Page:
What is a Swallowing Disorder?For those with a swallowing disorder, also called dysphagia, it takes more effort and time to move liquids or food from their mouth to their stomach. Swallowing disorders can occur at any age, but they are more common in older adults. 

Symptoms of swallowing disorders
  • Pain while swallowing
  • Coughing or gagging when swallowing
  • A wet or gurgled sounding voice during or after eating or drinking
  • Unable to swallow
  • Having the sensation of food getting stuck in your throat or chest or behind your breastbone
  • Drooling
  • Hoarseness
  • Bringing food back up
  • Frequent heartburn
  • Having food or stomach acid back up into your throat
  • Unexpectedly losing weight
  • Having to cut food into smaller pieces or avoiding certain foods because of trouble swallowing 

Causes of swallowing disorders
Swallowing disorders can result from damage to the nervous system because of certain medical conditions such as: a stroke, brain injury, spinal cord injury, multiple sclerosis, ALS, cerebral palsy, Parkinson’s disease or Alzheimer’s disease. They can also occur in relation to problems affecting the head and neck, including: cancer in the mouth, throat or esophagus; injury or surgery to the head or neck; missing, decayed teeth; or improperly fitting dentures.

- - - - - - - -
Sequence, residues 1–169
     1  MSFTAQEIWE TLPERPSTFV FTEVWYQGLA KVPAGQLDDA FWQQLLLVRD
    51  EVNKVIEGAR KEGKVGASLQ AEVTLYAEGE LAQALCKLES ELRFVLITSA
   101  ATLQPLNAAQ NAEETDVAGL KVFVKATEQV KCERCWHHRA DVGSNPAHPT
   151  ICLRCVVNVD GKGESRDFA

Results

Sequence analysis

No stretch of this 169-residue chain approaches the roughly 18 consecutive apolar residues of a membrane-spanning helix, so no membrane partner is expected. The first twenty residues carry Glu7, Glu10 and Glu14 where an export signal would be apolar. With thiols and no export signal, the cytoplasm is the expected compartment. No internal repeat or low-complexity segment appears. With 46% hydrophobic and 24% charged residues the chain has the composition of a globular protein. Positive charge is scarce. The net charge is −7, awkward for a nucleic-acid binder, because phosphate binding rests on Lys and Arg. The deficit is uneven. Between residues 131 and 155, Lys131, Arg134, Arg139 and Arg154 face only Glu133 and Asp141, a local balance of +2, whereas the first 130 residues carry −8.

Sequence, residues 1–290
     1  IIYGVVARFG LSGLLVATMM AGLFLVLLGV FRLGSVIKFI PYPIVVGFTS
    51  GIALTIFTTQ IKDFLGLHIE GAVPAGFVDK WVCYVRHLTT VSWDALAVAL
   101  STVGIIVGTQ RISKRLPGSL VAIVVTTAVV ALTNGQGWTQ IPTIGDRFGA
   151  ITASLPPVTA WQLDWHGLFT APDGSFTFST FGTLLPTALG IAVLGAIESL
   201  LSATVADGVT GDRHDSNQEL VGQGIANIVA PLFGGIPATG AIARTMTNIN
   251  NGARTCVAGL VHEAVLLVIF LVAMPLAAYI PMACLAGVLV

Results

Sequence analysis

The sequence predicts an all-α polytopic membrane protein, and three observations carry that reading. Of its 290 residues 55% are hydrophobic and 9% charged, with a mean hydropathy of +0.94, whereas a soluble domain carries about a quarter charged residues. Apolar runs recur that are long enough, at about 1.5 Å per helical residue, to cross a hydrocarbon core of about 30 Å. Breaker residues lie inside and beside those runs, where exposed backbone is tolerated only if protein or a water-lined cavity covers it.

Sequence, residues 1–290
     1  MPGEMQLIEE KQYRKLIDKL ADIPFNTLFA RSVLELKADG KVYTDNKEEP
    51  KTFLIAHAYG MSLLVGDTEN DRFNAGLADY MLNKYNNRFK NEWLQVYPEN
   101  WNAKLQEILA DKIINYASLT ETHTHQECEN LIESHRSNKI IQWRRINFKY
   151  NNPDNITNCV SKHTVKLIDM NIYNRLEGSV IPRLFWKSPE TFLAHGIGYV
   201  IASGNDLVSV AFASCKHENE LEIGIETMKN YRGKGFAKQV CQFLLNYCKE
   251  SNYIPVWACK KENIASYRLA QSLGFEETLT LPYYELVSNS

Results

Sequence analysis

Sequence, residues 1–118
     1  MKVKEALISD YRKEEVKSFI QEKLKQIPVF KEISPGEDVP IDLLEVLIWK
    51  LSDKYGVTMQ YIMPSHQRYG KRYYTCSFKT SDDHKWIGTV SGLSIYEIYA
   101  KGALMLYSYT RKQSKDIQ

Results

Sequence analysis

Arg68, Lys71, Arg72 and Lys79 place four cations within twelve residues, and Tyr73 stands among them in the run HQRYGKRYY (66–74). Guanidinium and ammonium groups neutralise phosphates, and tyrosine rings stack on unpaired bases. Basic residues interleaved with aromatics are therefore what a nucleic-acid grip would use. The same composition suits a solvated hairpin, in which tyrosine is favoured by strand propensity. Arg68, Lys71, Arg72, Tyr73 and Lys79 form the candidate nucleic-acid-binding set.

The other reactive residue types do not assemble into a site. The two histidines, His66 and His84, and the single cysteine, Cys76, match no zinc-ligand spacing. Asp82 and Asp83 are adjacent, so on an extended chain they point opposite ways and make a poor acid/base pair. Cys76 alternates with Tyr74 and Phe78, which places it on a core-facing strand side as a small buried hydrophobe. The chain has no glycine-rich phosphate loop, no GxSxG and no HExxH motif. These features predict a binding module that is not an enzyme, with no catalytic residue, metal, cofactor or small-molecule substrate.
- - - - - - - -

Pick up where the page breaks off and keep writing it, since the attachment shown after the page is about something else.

Diagnosis and treatment of swallowing disorders
A speech-language pathologist (SLP) can closely evaluate someone experiencing symptoms of a swallowing disorder. Possible evaluations include:

  • Taking a detailed case history of medical conditions
  • Looking at the strength of the muscles used for swallowing
  • Observing eating behaviors such as posture and oral movements
  • A barium swallowing study, which involves the patient eating or drinking items containing barium. The process is viewed on an X-ray to see any coordination issues with the mouth and throat muscles.
  • An endoscopic assessment, in which a lighted scope is inserted into the patient’s nose so swallowing can be observed on a screen
Treatment plans vary depending upon the type and cause of swallowing disorder. Some techniques SLPs use are: specific swallowing exercises, positions or strategies to help someone swallow better – such as using thickening liquids to make things easier to swallow – or recommending certain foods/liquids.
If you or a loved one has difficulty swallowing, contact the Speech-Language Institute today.


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